Try these recipes to satiate your quarantine boredom

Impress your family with your newfound cooking skills.


Emily Coffey // THE CHIMES

Try making this Abelskivers recipe during quarantine.

Emily Coffey, Staff Writer

Develop a new skill while in quarantine by cooking with ingredients you probably already have at home. The recipes below require simple ingredients but make delicious, unexpected treats. 


A traditional Danish recipe, these three-dimensional pancakes are best paired with Lingonberry jam and lemon curd. You will need a circular pan like this one and an electric egg beater to whip the egg whites. If you do not have an Aebleskiver pan, this batter also makes fantastic pancakes or waffles. 

Time: 1 hour

Servings: 4-5   

2 eggs

2 cups flour

2 teaspoon baking powder

1 tablespoon white sugar

½ teaspoon baking soda

½ teaspoon salt

4 tablespoon melted butter

2 cups buttermilk

To make the batter, mix all of the dry ingredients, sifting the flour to prevent clumps. Separate the egg whites and yolks and whip the whites into stiff peaks. Set the whites aside and add all of the wet ingredients together, including egg yolks. After, mix the wet and dry ingredients together, preferably with a whisk to avoid clumps. Then, fold in the egg whites. After turning on the stove to medium, brush butter into the holes of your pan, and then fill each divot with batter to the top. 

After four minutes, rotate the orbs out of the pan 90 degrees—a skewer or a fork seems to work best for this. Then, add batter to the empty space left by the rotation and turn the pancake all the way over to create a perfect orb. It takes some practice, so be patient. The end result is definitely worth it. You can also fill them with Nutella before flipping to have a gooey chocolate treat. 


Emily Coffey // THE CHIMES

Step the classic chocolate chip cookie up a notch by using this recipe, but adding a teaspoon of espresso powder and browning the butter. Instead of creaming the butter with the sugar like the traditional recipe, melt the butter on the stovetop and stir until it turns a slight golden brown. This requires a close watch, as it will easily over-brown and leave you with burned butter. The butter should be golden brown, smelling like caramel. It needs to cool before adding to the cookie dough, so pour into a liquid measuring cup and put in the freezer for about 10-15 minutes. To supplement the moisture that has evaporated off during the browning process, add cool water to fill to the twocup line. These cookies taste best when frozen overnight to allow the flavors in the dough to develop.


The latest fad in coffee shops, oat milk is a creamy and nutty milk substitute. Although this particular recipe does not froth well, it works well in just about anything else. It tastes better than any store-bought version and is surprisingly easy to make. You will need a cheesecloth or thin dish towel and a high-speed blender or food processor.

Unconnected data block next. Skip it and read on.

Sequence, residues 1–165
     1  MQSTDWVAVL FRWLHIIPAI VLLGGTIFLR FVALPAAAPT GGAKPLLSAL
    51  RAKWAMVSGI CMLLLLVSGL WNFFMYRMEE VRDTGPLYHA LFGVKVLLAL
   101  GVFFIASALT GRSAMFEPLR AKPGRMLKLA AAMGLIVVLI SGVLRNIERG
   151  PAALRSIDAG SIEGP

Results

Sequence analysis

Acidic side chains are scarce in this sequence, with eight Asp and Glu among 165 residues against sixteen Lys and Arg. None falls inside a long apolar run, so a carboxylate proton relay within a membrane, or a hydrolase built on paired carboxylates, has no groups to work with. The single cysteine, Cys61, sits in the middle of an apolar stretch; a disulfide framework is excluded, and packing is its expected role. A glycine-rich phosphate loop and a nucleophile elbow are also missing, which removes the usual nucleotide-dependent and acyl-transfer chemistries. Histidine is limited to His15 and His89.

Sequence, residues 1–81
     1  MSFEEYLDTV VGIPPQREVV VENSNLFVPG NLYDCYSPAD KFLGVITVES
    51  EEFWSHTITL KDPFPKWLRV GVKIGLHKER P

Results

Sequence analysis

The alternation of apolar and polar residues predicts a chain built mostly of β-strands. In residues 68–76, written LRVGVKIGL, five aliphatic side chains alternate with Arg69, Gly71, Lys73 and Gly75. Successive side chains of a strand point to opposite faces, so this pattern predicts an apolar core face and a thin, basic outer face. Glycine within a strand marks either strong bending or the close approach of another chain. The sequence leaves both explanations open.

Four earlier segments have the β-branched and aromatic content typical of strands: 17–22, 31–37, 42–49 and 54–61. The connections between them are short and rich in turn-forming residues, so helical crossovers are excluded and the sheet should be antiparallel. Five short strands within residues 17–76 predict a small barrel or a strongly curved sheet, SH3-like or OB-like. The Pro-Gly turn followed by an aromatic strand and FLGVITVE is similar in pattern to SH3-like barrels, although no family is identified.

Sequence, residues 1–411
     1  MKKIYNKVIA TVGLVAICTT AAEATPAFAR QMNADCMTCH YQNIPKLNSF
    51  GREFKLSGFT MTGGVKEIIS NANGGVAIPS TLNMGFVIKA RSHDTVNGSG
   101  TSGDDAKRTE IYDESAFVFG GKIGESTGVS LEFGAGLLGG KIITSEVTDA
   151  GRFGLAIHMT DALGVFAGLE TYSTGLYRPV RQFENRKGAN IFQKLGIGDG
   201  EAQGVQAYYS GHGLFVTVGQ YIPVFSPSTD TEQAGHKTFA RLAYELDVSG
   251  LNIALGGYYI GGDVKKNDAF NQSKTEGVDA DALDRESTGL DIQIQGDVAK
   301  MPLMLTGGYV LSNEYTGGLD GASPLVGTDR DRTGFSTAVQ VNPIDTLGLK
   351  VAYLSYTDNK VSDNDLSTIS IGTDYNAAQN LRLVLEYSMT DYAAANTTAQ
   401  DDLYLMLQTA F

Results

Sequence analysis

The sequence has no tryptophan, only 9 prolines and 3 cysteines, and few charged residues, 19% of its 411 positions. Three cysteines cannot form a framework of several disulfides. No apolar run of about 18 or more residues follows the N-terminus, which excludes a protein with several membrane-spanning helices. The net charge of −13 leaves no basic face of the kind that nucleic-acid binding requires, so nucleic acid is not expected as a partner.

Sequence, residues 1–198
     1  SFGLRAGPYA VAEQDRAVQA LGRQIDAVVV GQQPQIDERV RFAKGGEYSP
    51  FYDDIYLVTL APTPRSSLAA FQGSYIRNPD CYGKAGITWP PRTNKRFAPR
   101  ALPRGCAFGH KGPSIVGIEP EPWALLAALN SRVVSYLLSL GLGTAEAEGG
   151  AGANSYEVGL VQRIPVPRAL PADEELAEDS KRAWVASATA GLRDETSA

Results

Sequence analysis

Emily Coffey // THE CHIMES

Time: 15 minutes

Servings: 3-4 

½ cup rolled oats 

2 cups of water 

1 tablespoon maple syrup

1 teaspoon vanilla 

Add all the ingredients to the blender or food processor, and blend for 35-40 seconds. There should be some bubbles on the surface. Then, placing a thin cloth over the surface of a bowl, pour the contents of the blender over the dishcloth. None of the oat mixture should make it into the bowl without passing through the cheesecloth, so you may need a helper to hold the strainer in place.  

Allow it to drain for a few minutes, then squeeze the dishcloth until nothing but oat granules are left over. Some recipes and food bloggers recommend straining twice, but it is not necessary. Store it in an airtight container for up to five days. 


If you miss Chipotle, you can make something even better at home. This recipe can be embellished to taste, but the basic concept remains the same.

Emily Coffey // THE CHIMES

Time: 45 minutes

Servings: 5 servings

Cooked chicken

Butternut squash 


Cooked brown rice

Olive oil



Herbs de Provence

Sriracha or salsa (optional)

Lime wedge (optional) 

After peeling and gutting, cut the squash into half inch cubes. Then, toss with olive oil, salt, pepper and herbs de Provence. Heat the oven to 400 F, and pop it in for about 30 minutes, flipping the cubes halfway through so they are evenly browned. If you have a personal vendetta against squash, feel free to roast sweet potatoes instead and pair with chimichurri sauce. 

To assemble the bowl, begin with brown rice. Then, add chicken breast, squash and avocado. Sriracha really balances the sweet and savory of the butternut squash and is best placed on top. Feel free to add some lime juice on top as well. 


These can be filled with a variety of things, making a perfect breakfast option for a large group of people. You can try strawberries and whipped cream, bacon and maple syrup, or bananas and chocolate sauce, as pictured. Making the perfect crepe is an acquired skill, so approach with patience. For the perfect flip, use a low-walled nonstick pan and a thin spatula. 

Time: 45 minutes 

Servings: 6 

2 eggs 

1 cup flour

¾ cup milk

½ cup water 

3 tablespoon melted butter

1 ½ tablespoon sugar 

1 teaspoon vanilla

Whisk or blend all the ingredients together and allow the mixture to rest in the fridge for 30 minutes. While the batter is resting, warm the pan on medium-low. 

Add a quarter cup of batter to the pan and swirl the pan until the batter forms an even, thin layer. When the edges begin to turn golden brown, sandwich a spatula underneath the edge and trace it all the way around before attempting to flip the crepe all the way over. After you finish cooking the crepes, fill them with whatever your heart desires.

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